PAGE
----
Think you’ve seen every type of cops and gangsters on TV?
You haven’t. Because you haven’t met these Amish thugs.
Discovery has just greenlit a new series titled Amish Mafia. The show focuses on a group of men who protect and maintain peace and order within the Amish community in Lancaster County, PA. So are they cops? Mobsters? A bit of both. It’s an unofficial law-and-order group that protects the insular religious community with “eye for an eye” justice, yet operates outside of actual law enforcement and doesn’t, according to Discovery, officially exist.
The series premieres Dec. 12 (with a preview the night before) and will help keep Discovery in the Amish business. It’s sister channel TLC’s hit Breaking Amish just became the best-performing freshman series ever for the network, its first season finale delivering 3.8 million viewers.
He’s the Tony Soprano of the horse-and-buggy set. His name is Lebanon Levi, and he’s the chief enforcer and focal point of “Amish Mafia,” a new docu-series premiering next month on Discovery.
The series, which follows on the heels of sister network TLC’s top-rated (and extremely controversial) “Breaking Amish,” centers around tough-guy Levi and his henchmen Alvin, Jolin and John —who quietly enforce justice and protect the Amish community in Lancaster, Pa., while church elders look the other way and no one asks questions.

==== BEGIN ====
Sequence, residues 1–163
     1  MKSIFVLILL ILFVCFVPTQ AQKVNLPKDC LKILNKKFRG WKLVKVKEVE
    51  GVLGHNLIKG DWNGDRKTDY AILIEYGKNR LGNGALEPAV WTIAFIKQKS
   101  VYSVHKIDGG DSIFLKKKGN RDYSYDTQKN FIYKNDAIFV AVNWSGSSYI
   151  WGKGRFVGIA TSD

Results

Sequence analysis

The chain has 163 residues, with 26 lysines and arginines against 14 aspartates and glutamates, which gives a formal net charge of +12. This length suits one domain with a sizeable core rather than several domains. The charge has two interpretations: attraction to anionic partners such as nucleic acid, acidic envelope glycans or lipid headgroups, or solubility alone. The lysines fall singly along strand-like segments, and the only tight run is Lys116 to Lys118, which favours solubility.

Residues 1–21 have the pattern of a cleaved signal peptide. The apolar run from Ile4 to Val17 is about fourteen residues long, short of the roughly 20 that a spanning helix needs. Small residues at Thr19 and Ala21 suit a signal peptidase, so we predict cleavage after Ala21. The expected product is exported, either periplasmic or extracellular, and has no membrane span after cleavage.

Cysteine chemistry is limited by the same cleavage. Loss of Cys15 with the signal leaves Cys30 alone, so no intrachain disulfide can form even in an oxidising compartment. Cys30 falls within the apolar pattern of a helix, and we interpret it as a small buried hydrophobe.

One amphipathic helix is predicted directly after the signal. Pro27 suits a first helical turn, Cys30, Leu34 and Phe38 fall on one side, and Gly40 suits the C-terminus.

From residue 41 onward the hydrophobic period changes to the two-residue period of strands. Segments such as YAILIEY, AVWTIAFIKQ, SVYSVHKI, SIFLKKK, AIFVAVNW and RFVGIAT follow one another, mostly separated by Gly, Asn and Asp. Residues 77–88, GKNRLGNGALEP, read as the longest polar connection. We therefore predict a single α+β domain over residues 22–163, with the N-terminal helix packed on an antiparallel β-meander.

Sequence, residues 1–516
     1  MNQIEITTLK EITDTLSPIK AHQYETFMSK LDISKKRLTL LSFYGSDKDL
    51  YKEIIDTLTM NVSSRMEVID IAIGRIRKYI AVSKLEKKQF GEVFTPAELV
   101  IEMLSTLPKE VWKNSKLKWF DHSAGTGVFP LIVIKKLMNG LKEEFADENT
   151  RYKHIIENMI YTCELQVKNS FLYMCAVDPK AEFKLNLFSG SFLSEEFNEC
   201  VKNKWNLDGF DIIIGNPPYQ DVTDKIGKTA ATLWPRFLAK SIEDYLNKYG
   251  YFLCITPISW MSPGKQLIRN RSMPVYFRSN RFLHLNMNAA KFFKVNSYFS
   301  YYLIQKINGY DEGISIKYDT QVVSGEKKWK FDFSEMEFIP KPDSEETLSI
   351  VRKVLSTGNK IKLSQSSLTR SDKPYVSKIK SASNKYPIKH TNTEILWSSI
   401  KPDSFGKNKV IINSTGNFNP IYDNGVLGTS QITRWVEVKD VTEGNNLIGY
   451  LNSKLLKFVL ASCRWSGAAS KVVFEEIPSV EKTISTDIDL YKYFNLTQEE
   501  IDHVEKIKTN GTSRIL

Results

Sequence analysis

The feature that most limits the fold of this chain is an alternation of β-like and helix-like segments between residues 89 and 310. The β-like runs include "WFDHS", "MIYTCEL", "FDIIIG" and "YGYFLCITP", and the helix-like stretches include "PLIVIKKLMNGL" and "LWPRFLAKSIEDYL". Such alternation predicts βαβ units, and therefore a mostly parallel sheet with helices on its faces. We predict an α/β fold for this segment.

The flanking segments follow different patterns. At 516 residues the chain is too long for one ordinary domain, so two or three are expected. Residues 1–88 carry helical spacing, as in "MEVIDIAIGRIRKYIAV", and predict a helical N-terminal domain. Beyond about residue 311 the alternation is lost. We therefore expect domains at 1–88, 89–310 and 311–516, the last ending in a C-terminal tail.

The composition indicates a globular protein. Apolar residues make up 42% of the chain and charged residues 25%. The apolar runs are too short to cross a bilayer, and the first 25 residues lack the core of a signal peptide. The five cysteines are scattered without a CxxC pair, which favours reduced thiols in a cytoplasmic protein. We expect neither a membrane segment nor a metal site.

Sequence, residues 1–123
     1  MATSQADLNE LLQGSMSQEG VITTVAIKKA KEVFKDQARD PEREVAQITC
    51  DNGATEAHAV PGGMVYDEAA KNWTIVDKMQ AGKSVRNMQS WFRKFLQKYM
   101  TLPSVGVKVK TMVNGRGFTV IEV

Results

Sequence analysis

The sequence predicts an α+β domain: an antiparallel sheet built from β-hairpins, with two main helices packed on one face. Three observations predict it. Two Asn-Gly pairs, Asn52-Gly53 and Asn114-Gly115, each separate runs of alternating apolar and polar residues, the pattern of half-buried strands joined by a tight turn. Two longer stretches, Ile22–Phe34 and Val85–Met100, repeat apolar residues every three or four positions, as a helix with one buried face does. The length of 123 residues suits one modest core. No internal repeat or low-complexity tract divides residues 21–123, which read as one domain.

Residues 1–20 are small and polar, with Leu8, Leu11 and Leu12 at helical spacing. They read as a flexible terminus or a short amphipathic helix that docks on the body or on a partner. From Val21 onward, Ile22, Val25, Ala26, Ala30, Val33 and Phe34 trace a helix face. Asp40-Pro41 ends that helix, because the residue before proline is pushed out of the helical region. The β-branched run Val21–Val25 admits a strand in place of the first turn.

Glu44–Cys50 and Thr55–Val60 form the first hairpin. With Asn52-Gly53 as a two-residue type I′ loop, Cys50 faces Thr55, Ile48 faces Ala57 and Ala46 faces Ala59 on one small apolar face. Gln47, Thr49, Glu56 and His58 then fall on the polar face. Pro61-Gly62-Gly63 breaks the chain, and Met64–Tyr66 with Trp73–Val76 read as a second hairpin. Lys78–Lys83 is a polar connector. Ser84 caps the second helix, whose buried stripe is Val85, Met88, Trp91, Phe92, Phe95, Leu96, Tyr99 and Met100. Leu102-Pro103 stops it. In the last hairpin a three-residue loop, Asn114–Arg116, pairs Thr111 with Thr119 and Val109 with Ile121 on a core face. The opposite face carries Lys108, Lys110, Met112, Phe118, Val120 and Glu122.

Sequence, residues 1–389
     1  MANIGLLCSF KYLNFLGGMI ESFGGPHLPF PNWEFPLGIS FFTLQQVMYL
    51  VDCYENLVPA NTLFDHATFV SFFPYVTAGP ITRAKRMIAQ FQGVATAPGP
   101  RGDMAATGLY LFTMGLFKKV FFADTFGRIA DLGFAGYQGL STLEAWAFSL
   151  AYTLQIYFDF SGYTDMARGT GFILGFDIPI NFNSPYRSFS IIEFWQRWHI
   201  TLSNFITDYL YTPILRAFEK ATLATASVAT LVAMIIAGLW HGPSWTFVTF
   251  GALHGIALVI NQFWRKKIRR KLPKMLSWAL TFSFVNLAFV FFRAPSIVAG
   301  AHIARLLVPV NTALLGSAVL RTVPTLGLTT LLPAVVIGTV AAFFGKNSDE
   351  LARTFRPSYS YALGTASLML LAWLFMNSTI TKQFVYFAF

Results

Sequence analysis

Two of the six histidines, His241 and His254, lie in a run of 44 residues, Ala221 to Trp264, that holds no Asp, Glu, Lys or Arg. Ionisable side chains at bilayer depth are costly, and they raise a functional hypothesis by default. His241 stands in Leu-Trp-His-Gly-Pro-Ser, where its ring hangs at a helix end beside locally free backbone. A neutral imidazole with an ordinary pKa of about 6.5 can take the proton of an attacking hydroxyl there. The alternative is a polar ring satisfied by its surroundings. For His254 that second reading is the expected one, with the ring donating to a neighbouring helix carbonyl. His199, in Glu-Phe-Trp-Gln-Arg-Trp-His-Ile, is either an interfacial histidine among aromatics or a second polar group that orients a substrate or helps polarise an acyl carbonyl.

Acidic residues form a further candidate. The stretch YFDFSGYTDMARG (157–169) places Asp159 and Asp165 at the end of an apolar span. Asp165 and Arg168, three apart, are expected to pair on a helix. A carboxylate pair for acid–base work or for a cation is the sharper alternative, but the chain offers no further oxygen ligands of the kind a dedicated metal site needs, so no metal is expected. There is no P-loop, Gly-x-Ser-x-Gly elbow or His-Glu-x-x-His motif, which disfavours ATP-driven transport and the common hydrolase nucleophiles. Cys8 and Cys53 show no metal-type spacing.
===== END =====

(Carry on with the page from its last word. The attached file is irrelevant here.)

“The [Amish] Church denies that the Amish Mafia exists — yet, like any other person in a community who holds power, the Amish know who to go to if there’s a problem,” says series executive producer Dolores Gavin, who notes that it took producers about two years to gain admittance into the Amish Mafia’s inner circle.
The group’s undisputed, feared boss is the imposing Levi, a full-fledged member of the Amish community who, because he was never baptized, is not a member of the church — and can operate by his own set of rules. “Levi is able to wield his influence in a way that few others can,” Gavin says. “He is at arm’s length from the church, which gives him more power in dealing with the outside world.
“Levi is a man who straddles both worlds,” she says. “He genuinely feels as though he is a help to the community, and yet he has a propensity for violence and intimidation.” And that’s no exaggeration: Levi’s past includes a guilty plea in 2000 for an unspecified crime (his rap sheet is briefly flashed on-screen). “The Amish don’t have insurance like we do,” Gavin says. “They all pay into a community fund — which is run by Levi. He decides who gets what money.”
Levi also decides which internal problems he and his cronies — lifelong friend/confidante Alvin; Jolin, a Mennonite foot soldier; and John, the son of Levi’s predecessor — will pursue with their brand of justice. That includes busting into a motel to catch an Amish man cheating on his wife with a prostitute — a scene captured by cameras as it happened (other scenes are re-enacted to protect identities). In another instance, the crew threatens an Amish guy who’s been pressuring a distraught Amish woman for sexual favors in exchange for lending her money.
“What’s particularly interesting is that it is extraordinarily difficult to find police reports of Amish crimes,” Gavin says. “They don’t go to the police, and they aren’t cooperative with police . . . What we realized was . . . navigating between two different worlds often yields provocative results.”